TASMANIA'S acting Children's Commissioner has stopped short of recommending the Ashley Youth Detention Centre be closed, despite it costing $10 million a year to lock up an average of just 21 people.
Acting Children's Commissioner Elizabeth Daly yesterday released a report into Alternatives to Secure Youth Detention recommending greater investment in supporting at-risk children before they enter the detention system.
Ms Daly said Ashley takes up a disproportionately high percentage of the $14 million youth budget.
``[This is] despite the lack of evidence to suggest it is effective in deterring young offenders or that it promotes and facilitates reintegration into the community upon release,'' Ms Daly said.
However, she said there would always be a need for some secure juvenile facility as a last resort.
She called for an investigation of using small residential facilities to provide community-based, moderate care and secure care programs, a model similar to one that operates in the US.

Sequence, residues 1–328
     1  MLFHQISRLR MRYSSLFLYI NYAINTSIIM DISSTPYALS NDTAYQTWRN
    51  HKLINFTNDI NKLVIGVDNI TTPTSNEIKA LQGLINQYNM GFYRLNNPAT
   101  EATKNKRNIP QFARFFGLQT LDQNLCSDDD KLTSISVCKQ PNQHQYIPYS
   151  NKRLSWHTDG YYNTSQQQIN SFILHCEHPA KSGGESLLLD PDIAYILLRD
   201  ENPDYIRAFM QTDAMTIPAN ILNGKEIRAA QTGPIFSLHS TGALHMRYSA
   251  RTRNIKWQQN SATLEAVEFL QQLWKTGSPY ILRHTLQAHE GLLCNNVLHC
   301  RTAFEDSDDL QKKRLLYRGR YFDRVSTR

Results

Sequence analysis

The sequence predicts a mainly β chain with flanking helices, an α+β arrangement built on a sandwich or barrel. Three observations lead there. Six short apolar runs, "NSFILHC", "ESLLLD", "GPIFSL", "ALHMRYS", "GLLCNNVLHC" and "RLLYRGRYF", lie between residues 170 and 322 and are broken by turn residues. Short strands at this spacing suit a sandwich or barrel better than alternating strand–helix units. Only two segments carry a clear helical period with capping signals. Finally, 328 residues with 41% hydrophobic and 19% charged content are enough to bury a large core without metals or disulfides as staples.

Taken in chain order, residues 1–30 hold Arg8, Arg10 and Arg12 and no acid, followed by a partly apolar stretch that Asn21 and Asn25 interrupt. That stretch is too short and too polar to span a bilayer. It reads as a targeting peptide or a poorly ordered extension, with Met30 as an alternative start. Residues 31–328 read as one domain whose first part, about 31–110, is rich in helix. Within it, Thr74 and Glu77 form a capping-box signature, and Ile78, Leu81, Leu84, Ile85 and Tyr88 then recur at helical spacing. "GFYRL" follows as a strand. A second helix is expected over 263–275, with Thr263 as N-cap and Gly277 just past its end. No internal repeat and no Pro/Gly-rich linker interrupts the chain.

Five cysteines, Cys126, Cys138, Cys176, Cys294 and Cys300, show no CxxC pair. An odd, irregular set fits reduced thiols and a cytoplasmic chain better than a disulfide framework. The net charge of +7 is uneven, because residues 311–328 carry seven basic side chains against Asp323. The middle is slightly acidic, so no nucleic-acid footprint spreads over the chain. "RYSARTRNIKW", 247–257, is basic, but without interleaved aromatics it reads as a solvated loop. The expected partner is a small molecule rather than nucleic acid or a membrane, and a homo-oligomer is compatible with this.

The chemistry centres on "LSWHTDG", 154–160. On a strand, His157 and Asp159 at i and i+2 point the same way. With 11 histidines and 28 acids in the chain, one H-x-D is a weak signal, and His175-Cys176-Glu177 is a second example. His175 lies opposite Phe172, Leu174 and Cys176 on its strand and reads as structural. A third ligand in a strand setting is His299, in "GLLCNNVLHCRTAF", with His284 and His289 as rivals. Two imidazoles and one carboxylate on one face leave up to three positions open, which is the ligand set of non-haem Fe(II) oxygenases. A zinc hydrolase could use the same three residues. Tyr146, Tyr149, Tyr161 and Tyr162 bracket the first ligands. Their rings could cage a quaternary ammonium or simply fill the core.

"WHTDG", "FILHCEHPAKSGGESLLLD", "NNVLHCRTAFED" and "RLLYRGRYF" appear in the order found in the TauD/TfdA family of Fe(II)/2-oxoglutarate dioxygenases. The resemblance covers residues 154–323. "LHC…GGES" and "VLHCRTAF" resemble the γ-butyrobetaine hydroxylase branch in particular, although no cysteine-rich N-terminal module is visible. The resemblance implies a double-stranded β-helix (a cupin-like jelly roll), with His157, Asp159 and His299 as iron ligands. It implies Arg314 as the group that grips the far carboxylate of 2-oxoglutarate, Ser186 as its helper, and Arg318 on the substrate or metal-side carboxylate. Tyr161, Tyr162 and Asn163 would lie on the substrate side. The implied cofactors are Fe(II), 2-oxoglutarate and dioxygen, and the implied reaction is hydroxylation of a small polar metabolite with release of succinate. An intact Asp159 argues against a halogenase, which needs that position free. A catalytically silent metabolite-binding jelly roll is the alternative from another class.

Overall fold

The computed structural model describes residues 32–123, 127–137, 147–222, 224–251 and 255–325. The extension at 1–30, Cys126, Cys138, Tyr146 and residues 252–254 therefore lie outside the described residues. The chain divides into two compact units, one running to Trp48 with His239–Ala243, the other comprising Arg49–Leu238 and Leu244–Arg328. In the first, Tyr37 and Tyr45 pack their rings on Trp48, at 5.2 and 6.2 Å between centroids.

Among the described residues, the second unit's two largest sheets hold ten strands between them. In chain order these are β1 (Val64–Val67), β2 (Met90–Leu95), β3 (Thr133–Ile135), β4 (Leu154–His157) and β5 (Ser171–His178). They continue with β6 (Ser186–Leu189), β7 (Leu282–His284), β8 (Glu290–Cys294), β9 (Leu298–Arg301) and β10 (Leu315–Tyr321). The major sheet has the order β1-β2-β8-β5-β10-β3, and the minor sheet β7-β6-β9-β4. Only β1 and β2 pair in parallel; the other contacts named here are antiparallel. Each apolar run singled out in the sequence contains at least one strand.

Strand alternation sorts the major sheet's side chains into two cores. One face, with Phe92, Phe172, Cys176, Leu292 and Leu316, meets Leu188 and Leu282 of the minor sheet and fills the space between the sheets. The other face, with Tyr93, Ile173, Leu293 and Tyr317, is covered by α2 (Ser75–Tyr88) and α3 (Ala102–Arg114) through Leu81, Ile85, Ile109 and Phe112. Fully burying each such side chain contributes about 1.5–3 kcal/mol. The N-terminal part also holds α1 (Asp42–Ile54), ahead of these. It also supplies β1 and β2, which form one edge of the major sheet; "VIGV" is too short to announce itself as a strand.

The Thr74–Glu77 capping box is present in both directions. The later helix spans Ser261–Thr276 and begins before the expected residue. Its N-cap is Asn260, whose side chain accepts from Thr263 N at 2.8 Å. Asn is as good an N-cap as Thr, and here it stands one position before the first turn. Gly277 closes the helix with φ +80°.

She has also recommended an expansion of the Youth Court, which only operates in Hobart, and the introduction of a bail support program.
The report will form part of the health department's broader review into the youth justice system, which is due to present its findings by the end of the year.
Children's Minister Michelle O'Byrne agreed spending the bulk of the youth justice budget on running Ashley was not ideal.
``You can't close Ashley without having some kind a secure facility because there are a group of young people from whom society has the right to have some level of protection,'' Ms O'Byrne said.
``The reality is that a lot of the young people in there could be more appropriately put into different programs.''
Save the Children runs an intensive transition program for young people on bail and Ashley detainees preparing for release.
Program manager Lisa Cuatt said the two programs had proved very successful in reducing recidivism and re-engaging young people in work or education.
However, funding restricts the organisation to working with children from Hobart.
Ms Cuatt estimated about $1 million would be needed to expand the programs statewide.